Mon | Apr 24, 2017

Mistranslating scripture, misquoting God on divorce

Published:Sunday | February 15, 2015 | 2:00 AM

Rev Clinton Chisholm, Guest Columnist

At the risk of being called 'liberal', 'apostate' or a 'tun back parson', I confess that I do not share the puzzlement of most persons concerning the divorce rate, even among Christians.

If anything, I am puzzled that so many married persons stay married given the known vagaries of marriage.

The alleged scriptural quotation has become so popular that you may wonder about my eyesight or sanity when I assert that God, nowhere in Scripture says, "I hate divorce". I know you don't even have to search hard in your Bible to find and throw in my 'backslidden face' and challenge me to deal with Malachi 2:16.

Well, bear with me now as I try to explain this text, subject to correction from my friends with superior command of the biblical texts in Hebrew and Greek; friends such as Garnett Roper, Delano Palmer and Carlton Dennis of the Jamaica Theological Seminary, Paul Thompson of the Catholic College in Mandeville and Clinton Baldwin formerly of Northern Caribbean University.

Re-reading Malachi 2 (re mixed marriages)

Malachi ministered between the first and second governorships of Nehemiah, approximately 432-431 BC, and yet again (as it was under Ezra and Nehemiah), Israelites had not only married heathen wives (Malachi 2:11) but as well, divorced their long-standing Jewish wives (Malachi 2:13-15).

Malachi 2:16 - "'I hate divorce,' says the Lord God of Israel..." is often quoted without an awareness of its context (a discussion of mixed marriages and groundless divorce of Jewish wives). Worse, verses 15-16 are perhaps the most difficult verses to translate in the entire Old Testament, and verse 16 is usually wrongly translated as a direct quotation from God re his hatred of divorce, because of the problems in the text.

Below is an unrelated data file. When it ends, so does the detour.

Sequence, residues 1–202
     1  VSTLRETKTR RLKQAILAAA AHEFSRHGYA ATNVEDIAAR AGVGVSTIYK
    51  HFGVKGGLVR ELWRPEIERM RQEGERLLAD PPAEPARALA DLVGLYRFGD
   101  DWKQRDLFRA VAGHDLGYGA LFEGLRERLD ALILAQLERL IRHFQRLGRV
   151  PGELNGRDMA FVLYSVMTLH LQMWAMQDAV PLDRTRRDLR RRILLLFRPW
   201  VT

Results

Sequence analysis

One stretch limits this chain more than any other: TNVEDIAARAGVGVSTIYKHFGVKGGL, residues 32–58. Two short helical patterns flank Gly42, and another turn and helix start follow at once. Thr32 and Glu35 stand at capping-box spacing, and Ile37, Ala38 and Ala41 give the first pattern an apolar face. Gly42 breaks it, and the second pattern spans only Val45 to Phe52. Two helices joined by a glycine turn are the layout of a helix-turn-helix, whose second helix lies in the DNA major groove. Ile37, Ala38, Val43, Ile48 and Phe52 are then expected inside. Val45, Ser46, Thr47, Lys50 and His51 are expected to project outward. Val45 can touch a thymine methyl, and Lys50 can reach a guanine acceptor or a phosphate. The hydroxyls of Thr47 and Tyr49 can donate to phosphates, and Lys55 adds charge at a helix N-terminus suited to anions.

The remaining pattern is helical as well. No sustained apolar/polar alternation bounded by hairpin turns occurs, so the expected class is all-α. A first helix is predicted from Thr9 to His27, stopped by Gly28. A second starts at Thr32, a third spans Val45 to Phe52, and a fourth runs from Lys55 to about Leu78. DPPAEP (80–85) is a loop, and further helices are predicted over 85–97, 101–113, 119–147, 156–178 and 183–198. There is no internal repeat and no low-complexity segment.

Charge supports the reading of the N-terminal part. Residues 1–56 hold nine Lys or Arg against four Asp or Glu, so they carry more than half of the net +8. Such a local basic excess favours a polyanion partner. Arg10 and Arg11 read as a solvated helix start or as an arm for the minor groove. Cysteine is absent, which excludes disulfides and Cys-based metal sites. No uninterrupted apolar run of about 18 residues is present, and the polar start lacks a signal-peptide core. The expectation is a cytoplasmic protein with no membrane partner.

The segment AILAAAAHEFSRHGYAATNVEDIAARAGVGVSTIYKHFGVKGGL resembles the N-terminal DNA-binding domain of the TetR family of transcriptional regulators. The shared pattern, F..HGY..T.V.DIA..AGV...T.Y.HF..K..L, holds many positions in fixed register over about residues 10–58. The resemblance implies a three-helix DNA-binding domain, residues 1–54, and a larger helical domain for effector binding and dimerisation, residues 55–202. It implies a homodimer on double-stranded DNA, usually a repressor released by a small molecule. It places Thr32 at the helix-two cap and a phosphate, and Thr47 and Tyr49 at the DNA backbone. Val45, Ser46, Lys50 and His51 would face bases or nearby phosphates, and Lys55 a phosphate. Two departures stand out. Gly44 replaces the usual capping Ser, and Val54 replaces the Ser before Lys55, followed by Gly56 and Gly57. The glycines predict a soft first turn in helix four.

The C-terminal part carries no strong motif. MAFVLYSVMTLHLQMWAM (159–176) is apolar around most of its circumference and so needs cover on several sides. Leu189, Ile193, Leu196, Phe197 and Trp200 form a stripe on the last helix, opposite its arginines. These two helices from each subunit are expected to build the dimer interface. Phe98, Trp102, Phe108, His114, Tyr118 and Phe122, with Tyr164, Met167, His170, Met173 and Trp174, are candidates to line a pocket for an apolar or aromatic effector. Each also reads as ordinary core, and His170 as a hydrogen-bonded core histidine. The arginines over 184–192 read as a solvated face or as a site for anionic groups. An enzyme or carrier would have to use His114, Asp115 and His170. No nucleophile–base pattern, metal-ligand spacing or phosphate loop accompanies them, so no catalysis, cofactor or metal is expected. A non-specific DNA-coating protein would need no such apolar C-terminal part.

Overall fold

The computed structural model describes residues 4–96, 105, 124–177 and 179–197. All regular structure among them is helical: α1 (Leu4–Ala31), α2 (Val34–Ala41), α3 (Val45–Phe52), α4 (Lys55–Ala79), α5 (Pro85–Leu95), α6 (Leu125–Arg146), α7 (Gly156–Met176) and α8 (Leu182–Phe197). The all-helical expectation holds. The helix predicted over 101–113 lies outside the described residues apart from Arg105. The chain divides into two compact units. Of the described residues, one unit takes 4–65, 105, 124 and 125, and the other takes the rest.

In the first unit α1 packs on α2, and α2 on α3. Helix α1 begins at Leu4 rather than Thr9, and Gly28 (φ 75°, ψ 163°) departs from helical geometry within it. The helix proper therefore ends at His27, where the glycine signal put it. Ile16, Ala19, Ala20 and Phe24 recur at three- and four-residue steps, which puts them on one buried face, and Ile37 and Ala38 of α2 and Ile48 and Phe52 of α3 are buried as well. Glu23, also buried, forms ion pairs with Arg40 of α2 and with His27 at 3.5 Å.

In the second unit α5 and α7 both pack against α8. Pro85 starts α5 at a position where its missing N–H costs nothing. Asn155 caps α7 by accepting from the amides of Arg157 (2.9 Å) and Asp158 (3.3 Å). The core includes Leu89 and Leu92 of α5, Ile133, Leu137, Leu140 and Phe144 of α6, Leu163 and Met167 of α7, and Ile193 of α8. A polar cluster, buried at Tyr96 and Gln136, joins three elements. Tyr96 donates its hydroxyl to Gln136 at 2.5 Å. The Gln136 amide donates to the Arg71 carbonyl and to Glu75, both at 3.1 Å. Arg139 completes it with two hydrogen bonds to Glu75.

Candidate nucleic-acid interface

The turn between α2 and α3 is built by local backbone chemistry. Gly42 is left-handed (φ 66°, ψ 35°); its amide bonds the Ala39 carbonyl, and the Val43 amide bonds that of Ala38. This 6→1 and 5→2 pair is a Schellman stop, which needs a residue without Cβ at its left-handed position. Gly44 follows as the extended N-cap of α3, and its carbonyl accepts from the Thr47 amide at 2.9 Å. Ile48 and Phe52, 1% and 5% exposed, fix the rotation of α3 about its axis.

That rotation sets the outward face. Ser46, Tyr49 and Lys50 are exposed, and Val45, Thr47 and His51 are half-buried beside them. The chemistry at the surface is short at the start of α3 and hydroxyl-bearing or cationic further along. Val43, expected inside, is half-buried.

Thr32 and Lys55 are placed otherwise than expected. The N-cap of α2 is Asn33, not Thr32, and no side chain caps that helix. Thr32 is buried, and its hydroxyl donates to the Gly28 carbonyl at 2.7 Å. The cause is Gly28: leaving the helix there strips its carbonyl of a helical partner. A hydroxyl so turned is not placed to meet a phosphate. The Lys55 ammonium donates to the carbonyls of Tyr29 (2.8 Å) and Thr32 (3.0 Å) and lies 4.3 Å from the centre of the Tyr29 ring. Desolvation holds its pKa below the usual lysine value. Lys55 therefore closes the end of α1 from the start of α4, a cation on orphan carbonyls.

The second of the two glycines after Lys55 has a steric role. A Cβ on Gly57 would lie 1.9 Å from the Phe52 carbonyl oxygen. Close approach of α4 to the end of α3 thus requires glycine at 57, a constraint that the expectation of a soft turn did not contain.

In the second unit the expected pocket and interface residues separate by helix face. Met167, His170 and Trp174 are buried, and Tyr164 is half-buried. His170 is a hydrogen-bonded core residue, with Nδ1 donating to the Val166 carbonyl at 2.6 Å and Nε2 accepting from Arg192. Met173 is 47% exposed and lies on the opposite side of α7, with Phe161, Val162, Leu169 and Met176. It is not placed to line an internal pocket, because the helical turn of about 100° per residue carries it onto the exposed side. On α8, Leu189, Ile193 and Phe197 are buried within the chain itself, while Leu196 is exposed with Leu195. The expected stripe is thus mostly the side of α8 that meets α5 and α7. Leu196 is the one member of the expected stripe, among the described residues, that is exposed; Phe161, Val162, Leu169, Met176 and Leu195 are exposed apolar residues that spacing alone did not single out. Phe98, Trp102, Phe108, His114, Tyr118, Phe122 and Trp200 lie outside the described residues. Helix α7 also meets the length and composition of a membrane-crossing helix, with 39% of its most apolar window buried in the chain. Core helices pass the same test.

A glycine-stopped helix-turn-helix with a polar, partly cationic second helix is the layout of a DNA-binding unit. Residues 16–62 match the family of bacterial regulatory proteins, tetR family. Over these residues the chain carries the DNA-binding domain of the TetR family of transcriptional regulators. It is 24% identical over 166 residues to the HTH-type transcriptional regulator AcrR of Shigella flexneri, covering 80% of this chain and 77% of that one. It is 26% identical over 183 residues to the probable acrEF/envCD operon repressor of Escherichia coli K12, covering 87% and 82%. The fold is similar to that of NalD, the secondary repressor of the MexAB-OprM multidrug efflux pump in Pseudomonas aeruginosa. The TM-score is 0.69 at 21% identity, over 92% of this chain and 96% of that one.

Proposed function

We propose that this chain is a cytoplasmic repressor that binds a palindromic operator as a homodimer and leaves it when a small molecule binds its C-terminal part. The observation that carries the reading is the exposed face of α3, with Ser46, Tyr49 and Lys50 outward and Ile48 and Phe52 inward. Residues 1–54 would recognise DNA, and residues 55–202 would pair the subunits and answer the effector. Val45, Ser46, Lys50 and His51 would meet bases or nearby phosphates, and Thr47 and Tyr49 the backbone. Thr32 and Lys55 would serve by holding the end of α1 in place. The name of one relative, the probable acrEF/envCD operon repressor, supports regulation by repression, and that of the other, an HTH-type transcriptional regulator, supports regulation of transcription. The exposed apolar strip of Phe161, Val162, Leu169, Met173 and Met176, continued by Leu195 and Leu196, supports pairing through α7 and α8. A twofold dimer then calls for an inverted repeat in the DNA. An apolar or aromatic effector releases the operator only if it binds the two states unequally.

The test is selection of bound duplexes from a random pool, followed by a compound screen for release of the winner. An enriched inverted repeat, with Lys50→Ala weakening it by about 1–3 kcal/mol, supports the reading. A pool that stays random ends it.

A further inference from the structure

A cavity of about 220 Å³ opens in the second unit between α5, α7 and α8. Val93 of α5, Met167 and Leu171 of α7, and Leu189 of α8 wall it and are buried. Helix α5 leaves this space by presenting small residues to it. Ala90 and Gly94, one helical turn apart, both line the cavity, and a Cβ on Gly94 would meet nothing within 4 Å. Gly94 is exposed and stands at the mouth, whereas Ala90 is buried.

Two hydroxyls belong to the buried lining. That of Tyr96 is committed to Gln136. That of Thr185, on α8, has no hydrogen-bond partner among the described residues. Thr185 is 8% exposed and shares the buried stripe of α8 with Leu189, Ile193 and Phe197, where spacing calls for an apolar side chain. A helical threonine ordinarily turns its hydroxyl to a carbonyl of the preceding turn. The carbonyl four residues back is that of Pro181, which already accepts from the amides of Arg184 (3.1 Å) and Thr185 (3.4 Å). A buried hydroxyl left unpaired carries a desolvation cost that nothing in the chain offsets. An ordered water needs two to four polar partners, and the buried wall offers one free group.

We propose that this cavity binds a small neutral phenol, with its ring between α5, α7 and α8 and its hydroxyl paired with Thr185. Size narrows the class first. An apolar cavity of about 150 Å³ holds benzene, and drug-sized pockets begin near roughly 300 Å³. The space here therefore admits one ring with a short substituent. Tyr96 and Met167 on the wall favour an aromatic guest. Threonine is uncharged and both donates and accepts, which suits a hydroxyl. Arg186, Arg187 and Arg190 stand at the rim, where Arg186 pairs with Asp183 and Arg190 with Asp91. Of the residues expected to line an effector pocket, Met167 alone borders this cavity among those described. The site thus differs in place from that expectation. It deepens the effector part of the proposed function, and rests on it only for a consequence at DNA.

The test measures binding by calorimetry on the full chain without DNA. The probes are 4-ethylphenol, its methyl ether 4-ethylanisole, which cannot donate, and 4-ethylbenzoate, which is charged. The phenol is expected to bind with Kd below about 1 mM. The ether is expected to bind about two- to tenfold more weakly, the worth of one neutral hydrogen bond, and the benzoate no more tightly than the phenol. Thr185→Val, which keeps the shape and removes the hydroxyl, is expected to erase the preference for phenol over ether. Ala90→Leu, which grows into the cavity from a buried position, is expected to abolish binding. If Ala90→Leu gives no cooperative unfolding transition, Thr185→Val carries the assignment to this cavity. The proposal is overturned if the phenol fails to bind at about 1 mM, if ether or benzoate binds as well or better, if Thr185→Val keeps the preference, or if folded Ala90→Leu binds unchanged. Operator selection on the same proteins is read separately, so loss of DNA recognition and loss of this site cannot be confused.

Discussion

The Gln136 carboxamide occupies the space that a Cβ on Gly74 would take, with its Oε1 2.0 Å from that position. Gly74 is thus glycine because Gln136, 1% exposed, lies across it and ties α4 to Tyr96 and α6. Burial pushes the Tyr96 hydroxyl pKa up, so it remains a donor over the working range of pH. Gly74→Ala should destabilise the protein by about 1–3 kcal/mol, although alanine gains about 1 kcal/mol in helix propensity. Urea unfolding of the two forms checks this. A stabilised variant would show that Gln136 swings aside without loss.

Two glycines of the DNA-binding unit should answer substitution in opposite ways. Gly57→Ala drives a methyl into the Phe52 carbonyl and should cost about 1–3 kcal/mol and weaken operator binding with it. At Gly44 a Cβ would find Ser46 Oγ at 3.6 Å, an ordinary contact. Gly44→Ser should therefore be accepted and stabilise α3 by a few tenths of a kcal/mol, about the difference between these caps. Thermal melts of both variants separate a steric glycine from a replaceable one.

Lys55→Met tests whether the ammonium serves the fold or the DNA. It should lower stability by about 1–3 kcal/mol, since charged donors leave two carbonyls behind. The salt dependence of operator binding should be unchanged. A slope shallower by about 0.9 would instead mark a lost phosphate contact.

One textual scholar, Gordon Hugenberger, has a translation/explanation of verse 16, which reads, "If one hates and divorces (i.e., if one divorces merely on the ground of aversion) says Yahweh, God of Israel, he covers his garment with violence (i.e., such a man visibly defiles himself with violence), says Yahweh of hosts. Therefore, take heed to yourselves and do not be faithless (against your wife)". (Marriage as a Covenant: Biblical Law and Ethics as Developed from Malachi, 1994, p. 83).

The few English versions online, via Bible Gateway, that move away from the first person, "I hate divorce", include the English Standard Version (ESV) and the Holman Christian Standard Bible." For the man who does not love his wife but divorces her, says the LORD, the God of Israel, covers his garment with violence, says the LORD of hosts. So, guard yourselves in your spirit, and do not be faithless." (ESV)."If he hates and divorces (his wife)," says the LORD God of Israel, "he covers his garment with injustice", says the LORD of Hosts. Therefore, watch yourselves carefully, and do not act treacherously. (Holman Christian Standard Bible).

The Septuagint (LXX), a Greek version of the Old Testament, which was the version used by the New Testament writers, renders Malachi 2:16 as "'But if you hate and divorce (your wife)', says the Lord God of Israel, 'ungodliness will also cover your thoughts (Greek: enthumemata)', says the Lord Almighty, 'therefore, take heed to your spirit and do not at all abandon (your wife)'."

There is no first person 'I hate divorce' from God in either the Hebrew or the Greek despite mistranslations into English. What the Malachi text condemns is divorce based on hatred or aversion, not all divorces.